6:15 pm - 7:15 pm
This program will be held in person at the Newberry. Register for free in advance here.
George Salter was a German-born designer, illustrator, and teacher. After emigrating to the US in 1934, he established himself as a talented and coveted book jacket designer – and the first designer in America to sign his covers. He worked closely with publishers ranging from Alfred A. Knopf to serial mystery magazines, and his distinctive work remains highly collectible today.
Despite his success as a designer, Salter considered himself first and foremost a calligrapher and was considered by many to be the best penman of the mid-twentieth century. His calligraphic skill is evident in the hand-lettering he did for nearly all his cover designs.
In this program produced by Chicago’s Caxton Club, Jill Gage, Custodian of the John M. Wing Foundation on the History of Printing, will discuss the archive of Salter’s work held by the Newberry Library, focusing on the skillful and imaginative lettering that makes his work so distinctive.
This event is part of programming for A Show of Hands: Handwriting in the Age of Print. The exhibition is open September 9 through December 30, 2022.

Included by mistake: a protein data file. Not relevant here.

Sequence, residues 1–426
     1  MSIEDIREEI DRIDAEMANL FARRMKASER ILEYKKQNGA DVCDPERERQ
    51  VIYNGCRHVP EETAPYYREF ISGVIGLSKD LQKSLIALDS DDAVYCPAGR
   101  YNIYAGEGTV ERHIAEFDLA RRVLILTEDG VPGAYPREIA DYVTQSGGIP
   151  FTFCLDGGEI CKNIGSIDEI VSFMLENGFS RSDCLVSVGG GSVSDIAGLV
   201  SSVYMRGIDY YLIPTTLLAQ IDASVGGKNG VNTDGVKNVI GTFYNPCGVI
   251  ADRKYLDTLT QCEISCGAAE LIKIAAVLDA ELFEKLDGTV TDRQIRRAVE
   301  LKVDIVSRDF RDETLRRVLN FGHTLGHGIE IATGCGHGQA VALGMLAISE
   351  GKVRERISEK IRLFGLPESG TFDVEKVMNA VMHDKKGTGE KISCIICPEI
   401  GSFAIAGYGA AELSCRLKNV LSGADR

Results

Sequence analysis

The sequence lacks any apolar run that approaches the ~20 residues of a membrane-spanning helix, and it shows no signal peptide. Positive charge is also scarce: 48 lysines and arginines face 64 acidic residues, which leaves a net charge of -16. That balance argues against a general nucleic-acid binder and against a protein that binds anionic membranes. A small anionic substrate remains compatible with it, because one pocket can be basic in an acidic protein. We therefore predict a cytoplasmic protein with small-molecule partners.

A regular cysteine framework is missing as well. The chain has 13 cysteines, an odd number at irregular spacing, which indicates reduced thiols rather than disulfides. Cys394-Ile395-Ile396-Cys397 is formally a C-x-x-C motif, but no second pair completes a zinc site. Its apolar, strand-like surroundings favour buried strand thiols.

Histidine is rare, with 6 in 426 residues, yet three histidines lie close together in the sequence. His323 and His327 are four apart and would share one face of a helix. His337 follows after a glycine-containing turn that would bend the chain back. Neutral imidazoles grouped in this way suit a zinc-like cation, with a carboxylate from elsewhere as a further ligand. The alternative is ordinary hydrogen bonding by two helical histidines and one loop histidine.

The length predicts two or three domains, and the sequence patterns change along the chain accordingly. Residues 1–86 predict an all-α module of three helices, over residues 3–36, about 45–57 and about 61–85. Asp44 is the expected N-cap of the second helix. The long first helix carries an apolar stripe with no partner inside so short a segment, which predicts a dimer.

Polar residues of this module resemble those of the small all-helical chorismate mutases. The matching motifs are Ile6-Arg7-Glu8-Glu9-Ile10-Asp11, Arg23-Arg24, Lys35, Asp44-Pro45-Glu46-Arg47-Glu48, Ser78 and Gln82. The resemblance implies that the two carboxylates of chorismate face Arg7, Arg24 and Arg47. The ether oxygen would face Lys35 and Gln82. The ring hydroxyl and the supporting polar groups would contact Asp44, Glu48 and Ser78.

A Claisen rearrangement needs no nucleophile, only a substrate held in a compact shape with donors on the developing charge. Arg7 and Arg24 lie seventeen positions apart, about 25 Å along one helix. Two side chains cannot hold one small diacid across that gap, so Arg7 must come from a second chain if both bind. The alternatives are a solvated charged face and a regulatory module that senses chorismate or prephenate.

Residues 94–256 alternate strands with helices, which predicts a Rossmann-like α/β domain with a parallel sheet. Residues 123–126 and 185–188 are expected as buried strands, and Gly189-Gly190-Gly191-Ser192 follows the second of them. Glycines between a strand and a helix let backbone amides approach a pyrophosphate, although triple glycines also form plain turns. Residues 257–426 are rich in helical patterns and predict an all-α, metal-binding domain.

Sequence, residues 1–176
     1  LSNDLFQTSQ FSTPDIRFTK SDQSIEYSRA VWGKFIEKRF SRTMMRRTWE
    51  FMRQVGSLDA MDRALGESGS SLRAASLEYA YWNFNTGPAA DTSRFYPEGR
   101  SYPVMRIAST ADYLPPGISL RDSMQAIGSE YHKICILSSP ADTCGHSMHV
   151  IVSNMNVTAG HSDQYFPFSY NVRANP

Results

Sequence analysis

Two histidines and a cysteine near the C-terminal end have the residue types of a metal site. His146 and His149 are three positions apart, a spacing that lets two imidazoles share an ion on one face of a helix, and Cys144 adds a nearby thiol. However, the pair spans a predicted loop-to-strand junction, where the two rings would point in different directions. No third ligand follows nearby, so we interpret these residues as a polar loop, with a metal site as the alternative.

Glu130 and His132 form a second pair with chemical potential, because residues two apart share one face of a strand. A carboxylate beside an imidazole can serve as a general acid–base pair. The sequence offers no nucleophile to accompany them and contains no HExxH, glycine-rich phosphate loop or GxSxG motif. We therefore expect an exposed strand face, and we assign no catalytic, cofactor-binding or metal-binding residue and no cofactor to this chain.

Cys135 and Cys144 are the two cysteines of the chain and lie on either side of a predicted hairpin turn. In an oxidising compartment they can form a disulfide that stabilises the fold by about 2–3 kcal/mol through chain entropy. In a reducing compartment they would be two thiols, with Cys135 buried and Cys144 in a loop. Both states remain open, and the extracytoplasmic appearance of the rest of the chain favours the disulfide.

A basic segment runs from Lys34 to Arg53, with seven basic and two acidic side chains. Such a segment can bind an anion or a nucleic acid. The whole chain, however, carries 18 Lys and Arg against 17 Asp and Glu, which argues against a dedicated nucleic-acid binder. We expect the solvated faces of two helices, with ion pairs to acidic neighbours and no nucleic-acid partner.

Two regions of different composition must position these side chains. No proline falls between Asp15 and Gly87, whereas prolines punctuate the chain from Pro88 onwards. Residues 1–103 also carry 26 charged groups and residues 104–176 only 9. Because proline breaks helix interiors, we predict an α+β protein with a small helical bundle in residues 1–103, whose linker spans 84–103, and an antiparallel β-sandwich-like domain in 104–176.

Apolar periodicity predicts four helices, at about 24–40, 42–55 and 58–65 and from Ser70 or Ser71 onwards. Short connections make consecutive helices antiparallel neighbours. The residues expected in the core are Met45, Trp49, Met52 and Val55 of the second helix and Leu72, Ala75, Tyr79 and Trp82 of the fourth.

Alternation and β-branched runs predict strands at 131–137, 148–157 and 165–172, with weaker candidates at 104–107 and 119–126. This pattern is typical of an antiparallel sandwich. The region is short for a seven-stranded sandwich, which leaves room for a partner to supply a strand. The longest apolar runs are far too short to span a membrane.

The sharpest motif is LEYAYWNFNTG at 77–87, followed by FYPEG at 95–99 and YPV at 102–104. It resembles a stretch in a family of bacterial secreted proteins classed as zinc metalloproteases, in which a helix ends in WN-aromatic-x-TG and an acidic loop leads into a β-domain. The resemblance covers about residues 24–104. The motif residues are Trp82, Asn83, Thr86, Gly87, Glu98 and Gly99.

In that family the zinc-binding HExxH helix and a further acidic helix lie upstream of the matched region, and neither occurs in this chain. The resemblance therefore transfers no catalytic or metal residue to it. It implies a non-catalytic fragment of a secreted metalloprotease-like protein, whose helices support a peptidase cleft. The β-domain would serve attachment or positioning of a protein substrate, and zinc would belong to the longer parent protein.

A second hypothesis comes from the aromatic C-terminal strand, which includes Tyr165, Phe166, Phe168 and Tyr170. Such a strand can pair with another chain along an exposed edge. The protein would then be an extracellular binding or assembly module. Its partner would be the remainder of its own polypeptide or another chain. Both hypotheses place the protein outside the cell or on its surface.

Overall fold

This program will also be broadcast via Zoom on September 27. Jill Gage will be on hand for a live Q&A following the event. To register for this Zoom event, please visit the Caxton Club website.
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About the Caxton Club of Chicago
Founded in 1895, the Caxton Club of Chicago brings together archivists, authors, binders, book artists, booksellers, collectors, conservators, designers, editors, librarians, printers, publishers, scholars, and others. Members from these diverse backgrounds form a community that shares a love of printed, handwritten, and digital books and related textual objects, such as pamphlets, broadsides, maps, and ephemera. The club provides a forum to learn about the arts, history, and technologies of these materials, as well as a space to share the joys of appreciating and collecting them.